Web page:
Astrocytes are the main homeostatic cell of the brain involved in many processes related to cognition, immune response, and energy expenditure. It has been suggested that the distribution of astrocytes is associated with brain size, and that they are specialized in humans. To evaluate these, we quantified astrocyte density, soma volume, and total glia density in layer I and white matter in Brodmann's area 9 of humans, chimpanzees, baboons, and macaques. We found that layer I astrocyte density, soma volume, and ratio of astrocytes to total glia cells were highest in humans and increased with brain size. Overall glia density in layer I and white matter were relatively invariant across brain sizes, potentially due to their important metabolic functions on a per volume basis. We also quantified two transporters involved in metabolism through the astrocyte-neuron lactate shuttle, excitatory amino acid transporter 2 (EAAT2) and glucose transporter 1 (GLUT1). We expected these transporters would be increased in human brains due to their high rate of metabolic consumption and associated gene activity. While humans have higher EAAT2 cell density, GLUT1 vessel volume, and GLUT1 area fraction compared to baboons and chimpanzees, they did not differ from macaques. Therefore, EAAT2 and GLUT1 are not related to increased energetic demands of the human brain. Taken together, these data provide evidence that astrocytes play a unique role in both brain expansion and evolution among primates, with an emphasis on layer I astrocytes having a potentially significant role in human-specific metabolic processing and cognition.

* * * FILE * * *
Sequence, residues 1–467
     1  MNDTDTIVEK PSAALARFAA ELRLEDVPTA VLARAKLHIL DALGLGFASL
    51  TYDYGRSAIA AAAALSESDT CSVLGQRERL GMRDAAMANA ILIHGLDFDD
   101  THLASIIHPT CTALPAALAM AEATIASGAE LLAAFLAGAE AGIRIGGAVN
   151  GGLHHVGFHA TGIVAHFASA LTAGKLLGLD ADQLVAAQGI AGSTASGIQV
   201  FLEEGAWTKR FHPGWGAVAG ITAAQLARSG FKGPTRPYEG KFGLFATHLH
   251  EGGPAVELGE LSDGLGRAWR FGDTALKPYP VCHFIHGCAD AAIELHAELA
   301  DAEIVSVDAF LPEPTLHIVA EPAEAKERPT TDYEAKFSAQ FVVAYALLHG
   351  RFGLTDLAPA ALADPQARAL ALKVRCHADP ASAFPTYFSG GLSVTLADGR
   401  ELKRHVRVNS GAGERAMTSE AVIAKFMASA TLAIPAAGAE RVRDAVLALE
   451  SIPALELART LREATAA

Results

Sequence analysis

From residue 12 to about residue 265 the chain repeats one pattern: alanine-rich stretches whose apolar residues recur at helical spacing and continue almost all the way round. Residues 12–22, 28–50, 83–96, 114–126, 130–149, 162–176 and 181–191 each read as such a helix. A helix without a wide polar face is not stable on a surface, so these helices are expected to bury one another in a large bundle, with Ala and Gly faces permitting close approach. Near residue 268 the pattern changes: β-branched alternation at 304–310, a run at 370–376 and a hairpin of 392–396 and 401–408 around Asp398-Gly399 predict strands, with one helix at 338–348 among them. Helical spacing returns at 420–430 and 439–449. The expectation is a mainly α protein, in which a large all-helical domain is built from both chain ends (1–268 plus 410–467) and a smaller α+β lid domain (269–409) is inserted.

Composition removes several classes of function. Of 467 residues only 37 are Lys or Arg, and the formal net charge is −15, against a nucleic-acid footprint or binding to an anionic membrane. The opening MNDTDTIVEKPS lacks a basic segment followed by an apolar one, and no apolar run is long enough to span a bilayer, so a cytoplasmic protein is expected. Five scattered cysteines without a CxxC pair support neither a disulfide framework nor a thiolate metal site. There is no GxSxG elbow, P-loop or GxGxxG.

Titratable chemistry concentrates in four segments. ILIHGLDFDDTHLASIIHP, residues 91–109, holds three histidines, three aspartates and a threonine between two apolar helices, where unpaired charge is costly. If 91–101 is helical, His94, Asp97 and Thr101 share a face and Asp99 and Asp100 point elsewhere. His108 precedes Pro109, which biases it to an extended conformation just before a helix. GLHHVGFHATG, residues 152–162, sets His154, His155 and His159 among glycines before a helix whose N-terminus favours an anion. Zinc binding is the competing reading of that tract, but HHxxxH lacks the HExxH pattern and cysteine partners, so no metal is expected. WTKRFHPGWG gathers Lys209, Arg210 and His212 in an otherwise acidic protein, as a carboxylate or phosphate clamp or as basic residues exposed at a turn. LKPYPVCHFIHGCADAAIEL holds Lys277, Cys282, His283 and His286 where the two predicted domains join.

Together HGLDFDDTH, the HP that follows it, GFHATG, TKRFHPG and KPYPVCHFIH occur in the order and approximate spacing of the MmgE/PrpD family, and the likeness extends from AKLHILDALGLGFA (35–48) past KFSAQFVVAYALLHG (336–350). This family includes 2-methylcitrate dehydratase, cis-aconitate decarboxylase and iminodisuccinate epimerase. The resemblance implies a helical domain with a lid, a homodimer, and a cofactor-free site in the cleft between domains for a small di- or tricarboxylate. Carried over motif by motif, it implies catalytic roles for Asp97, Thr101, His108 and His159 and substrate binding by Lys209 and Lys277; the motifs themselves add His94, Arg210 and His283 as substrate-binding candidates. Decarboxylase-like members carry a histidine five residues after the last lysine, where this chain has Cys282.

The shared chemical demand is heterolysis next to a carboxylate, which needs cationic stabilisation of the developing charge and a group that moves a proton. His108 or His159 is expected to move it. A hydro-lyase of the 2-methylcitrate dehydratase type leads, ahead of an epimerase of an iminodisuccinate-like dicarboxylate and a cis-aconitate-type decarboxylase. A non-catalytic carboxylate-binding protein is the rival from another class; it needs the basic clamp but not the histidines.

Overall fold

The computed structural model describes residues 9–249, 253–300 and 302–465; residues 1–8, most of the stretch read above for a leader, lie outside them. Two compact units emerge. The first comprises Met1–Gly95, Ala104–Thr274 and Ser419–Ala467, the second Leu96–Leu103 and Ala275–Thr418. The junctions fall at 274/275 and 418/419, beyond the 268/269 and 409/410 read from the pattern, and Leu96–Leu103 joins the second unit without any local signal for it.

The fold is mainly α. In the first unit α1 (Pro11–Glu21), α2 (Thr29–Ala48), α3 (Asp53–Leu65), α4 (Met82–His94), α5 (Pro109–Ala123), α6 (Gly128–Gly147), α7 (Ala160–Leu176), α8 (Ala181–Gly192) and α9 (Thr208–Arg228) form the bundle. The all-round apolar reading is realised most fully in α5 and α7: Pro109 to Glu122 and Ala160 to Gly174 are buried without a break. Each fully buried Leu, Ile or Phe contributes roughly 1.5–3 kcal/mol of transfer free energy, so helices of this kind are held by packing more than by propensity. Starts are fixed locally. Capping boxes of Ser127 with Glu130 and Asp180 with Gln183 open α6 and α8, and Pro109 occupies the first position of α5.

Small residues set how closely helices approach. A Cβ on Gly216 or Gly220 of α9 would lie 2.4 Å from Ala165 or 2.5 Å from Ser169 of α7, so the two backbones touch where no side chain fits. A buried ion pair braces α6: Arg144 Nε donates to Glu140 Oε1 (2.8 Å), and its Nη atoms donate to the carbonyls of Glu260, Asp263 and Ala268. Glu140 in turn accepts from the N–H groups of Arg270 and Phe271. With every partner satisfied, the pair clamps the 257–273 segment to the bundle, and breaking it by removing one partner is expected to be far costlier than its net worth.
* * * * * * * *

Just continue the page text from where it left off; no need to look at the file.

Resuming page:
Keywords: EAAT2; GFAP; GLUT1; astrocyte; glia; human; prefrontal cortex; primate.
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